¸.•´¸.•*´¨) ¸.•*´¨)
(¸.•´ (¸.•´♥ Tristan

If you haven't entered the Groovy Flower Power Crafting Giveaway yet, scroll down to the previous post and enter ... 48 hours to go!


Theresa MacNaughton said...

Hi Tristan, what a lovely post today! Those Alice creations are A-mazing!!!! Love love love them!!! And that demitasse spoon is exquisite. :) Enjoy your walk with little Dusty. Theresa

Birgit said...

Where on earth did you find the photo of the vintage drag? Amazing!


Marsha @ Tattered Chick said...

As always, Tristan, you entertain and teach in your posts!!

Send some SUN my way PLEASE!!!

Enjoy your stroll with Dusty~~


Rebecca Nelson said...

You NEVER fail to entertain.

That bit on Carol Channing had me on the floor.

What was she thinking?

Oh yes...she WASN'T!



DollZandThingZ said...

Yes! You truly are the sun king! I live a few towns north of you & as I was reading the blog the sun came out!

Wonderful...fabulous..entertaining...informative...humorous and witty. I have run out of words to describe your blog really are the BEST!

jaz@octoberfarm said...

hey....i will trade your rain and gloom for my 80 and sunny!!! i have an adversity to sunny warm weather. thanks for the shout out and as always....great post!!!

Kaerie Faerie said...

fabulous post, thanks for sharing, have a nice afternoon, maybe you could send some rain down here?
your fairy friend

Jan said...

Forget Carol Channing, who is that gorgeous man behind her? The one with the beard? Is it Sir Laurence Olivier?
Great selection today, Tristan. I thought maybe you live in Oregon, all we have had is rain rain rain and more on the way. Enjoy your walk. I will put on my raincoat to enjoy mine.

Tristan Robin said...

Jan, that is Eddie Bracken. He played Horace Vandergelder in London in 1979 with Carol Channing in Hello, Dolly!. This photograph is their presentation to the Queen, which took place backstage.

Actually, I was only being snarky about the Loretta Lynn dress. In reality, it's Carol Channing's finale costume in Hello, Dolly! - the wedding gown.

I still think it's an ugly costume and looks like Loretta Lynn. :)

Malisa said...

Send that rain our way! We need the rain and I need a break from this HOT sun! In celebration of my returning to "the real world", let's meet up at that little Italian restaurant? Shall we? And, no, I don't want any cotton candy! :)


Are we having a pop test, Mr. Art Teacher, sir?

studioJudith said...

Wow !
Korzer-Robinson's work is stunning... need to spend some time investigating the deep details,
as well as those button crowns.

Glad you've manifested some sun peeking through the clouds - have
a lovely stroll


ImagiMeri said...

Hi Tristan,

Another great post, thank you! Did you really see the mechanical glass theatre in person? OMG, that is fantastically stunning. The closest I've come to anything like that is visiting the mechanical toy museum in San Francisco. I'm so awed by miniatures, mechanical toys, etc., and will have to remember this next time I'm in New York....that is where it's at......right?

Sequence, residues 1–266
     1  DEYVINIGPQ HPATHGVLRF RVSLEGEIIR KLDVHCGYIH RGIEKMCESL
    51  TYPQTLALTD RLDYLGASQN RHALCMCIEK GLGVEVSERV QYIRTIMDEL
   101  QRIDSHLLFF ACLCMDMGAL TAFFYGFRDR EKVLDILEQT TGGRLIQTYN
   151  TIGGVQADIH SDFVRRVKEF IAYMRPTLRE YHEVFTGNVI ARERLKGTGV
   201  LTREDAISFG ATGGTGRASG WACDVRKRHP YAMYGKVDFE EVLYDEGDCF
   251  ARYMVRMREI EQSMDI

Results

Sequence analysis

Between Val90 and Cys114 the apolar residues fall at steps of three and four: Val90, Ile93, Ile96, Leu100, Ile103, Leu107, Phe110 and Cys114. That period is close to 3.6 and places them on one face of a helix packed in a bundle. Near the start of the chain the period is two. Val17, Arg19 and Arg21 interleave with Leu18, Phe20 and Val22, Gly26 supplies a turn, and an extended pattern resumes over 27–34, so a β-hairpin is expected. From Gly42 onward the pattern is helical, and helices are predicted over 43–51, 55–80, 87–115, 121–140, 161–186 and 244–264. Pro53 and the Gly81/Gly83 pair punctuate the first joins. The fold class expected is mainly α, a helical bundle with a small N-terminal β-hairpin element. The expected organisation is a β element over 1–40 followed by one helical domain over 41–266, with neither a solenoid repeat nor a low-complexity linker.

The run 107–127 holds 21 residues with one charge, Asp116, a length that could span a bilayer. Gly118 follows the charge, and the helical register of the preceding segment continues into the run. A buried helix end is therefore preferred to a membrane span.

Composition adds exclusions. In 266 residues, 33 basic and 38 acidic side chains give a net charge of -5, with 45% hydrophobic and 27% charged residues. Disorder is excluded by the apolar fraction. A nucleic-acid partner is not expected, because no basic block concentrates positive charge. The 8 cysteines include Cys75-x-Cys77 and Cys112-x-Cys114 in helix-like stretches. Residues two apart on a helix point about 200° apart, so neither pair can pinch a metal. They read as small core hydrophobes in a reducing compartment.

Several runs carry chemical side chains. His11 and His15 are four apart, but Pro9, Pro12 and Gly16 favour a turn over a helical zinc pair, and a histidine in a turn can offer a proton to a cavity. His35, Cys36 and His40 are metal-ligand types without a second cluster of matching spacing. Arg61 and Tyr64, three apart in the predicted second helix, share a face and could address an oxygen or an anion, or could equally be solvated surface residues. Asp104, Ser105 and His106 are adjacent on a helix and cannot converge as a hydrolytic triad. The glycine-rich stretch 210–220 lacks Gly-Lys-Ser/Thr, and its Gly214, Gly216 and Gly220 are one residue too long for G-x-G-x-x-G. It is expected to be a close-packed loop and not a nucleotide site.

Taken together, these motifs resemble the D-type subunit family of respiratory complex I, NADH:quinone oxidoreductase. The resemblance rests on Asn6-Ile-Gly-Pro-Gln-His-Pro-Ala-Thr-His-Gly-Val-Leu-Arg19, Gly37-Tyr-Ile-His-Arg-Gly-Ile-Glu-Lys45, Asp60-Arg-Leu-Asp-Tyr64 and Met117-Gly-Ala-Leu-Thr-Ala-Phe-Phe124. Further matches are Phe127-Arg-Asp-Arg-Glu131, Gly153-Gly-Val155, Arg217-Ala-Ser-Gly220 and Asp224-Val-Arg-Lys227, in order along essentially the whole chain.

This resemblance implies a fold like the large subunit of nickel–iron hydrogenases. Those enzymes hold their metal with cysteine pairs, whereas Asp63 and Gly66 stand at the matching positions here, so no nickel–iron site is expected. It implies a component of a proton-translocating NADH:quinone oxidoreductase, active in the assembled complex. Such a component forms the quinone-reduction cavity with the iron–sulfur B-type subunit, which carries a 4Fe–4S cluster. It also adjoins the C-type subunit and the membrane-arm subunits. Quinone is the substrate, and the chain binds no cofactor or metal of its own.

Jorge de Rojas said...

As always Tristan, your blog and it's many wonders is a wonderful way to jump start my week. Continued thanks and accolades.

peggy gatto said...

You sent some sunshine my way, sunny CA is not sunny today!!!
Thanks for all the goodies.
I watched the old musical
Darling Clementine, with doris day on saturday, talk about some sunshine!!! Great songs and I am still singing"whip crack away" this morning!!!

mo.stoneskin said...

Good grief old chap, you make feel inadequate. Holographic numbering is something I've not dabbled in, unfortunately, but perhaps an art from I should dabble in.

All I need is a pen and paper.


#rude word#


julietk said...

Wonderful things you show us Tristan. I wish I could get past the teachings of my Mum that you should never deface a Book.

Maggi said...

Those books are incredible! Okay seriously, a two person restaurant??? I cannot even imagine how expensive that must be! lol

Glad the sun is back!

Castles Crowns and Cottages said...

Oh VOTRE MAJÉSTÉ, LE ROI DU SOLEIL!!! I always knew you were special must have divine connections! But of course, your post is filled with EXTRAORDINAIRE pieces of fine miniature theatres and other luscious eye candy. Oh Tristan, I must see that site of which you speak...and you dearest, always put a crown or two in your makes me feel special, as if you know it will catch my eye! AND THOSE RESTAURANTS! O.K., this was fun.

Enjoy the rest of the sun dear one. Anita

Debby said...

Another fabulous post Tristan..

Createology said...

Such amazing knowledge you have my dear. Always the most interesting and talented pieces to share with us. Thank you. Glad you got some sunshine. We have extreme cold here and very unlike normal warm May days. Mother Nature is so fickle...

Tess1960 said...

Those bookls are so intrigueing. It must have taken months, years to create just one. I know it would take me a lifetime to create just one if my hands stayed steady enough to even try. Hey did that ugly fish just wink at me. :) LOL!!

Sea Witch said...

Wonderful post Tristan. I reread it several times. Understand about your feelings about Greece and their political statements, why on such lovely living art? but then, Italy is the same way. Lots of political banners hang from incredible and historic buildings. I never got used to it. Hope you and dust had a lovely stroll today. Sea Witch

ceecee said...

A very curious post. Loved it!

Beverly said...

It is me that should be thanking you. You always have interesting and entertaining things waiting here for me.

It is gray and gloomy here, but we were so desperate for rain that we are enjoying every drop.

jaz@octoberfarm said... just SOOOO inspired me. i am going to store craft supplies in the new armoire! sure, they are two gigantic floors away but i use them rarely and it could give me so much more room to work. i think i love you!!!

Deborah said...

Oh you clever clever man. You brighten every day. **kisskiss** Deb

Sue said...

Well Sun King, once again you have excelled! LOVE the mini theatres (have to blog about the one my daughter made/gave me for my birthday). Thanks so much for the link to Ann Carrington's work - fabulous!

I was also totally fascinated by Alexander Korzer-Robinson. What talent AND patience.

Make sure to show us if you decide to revamp your spoon (a la
Hels Sheridan).

Hot, humid and sticky here again today........wilting.


Shell said...

You are the Sun King. You brought here to New York where it is hot and sweltering.
The restaurant for two in Italy, I'm sure is a divine experience.

Deborah said...

The chandelier around her neck is bad enough but those sleeves are big enough to hide several guns and a bomb in. Love the mini theaters and the cut up books. I find things like that fascinating.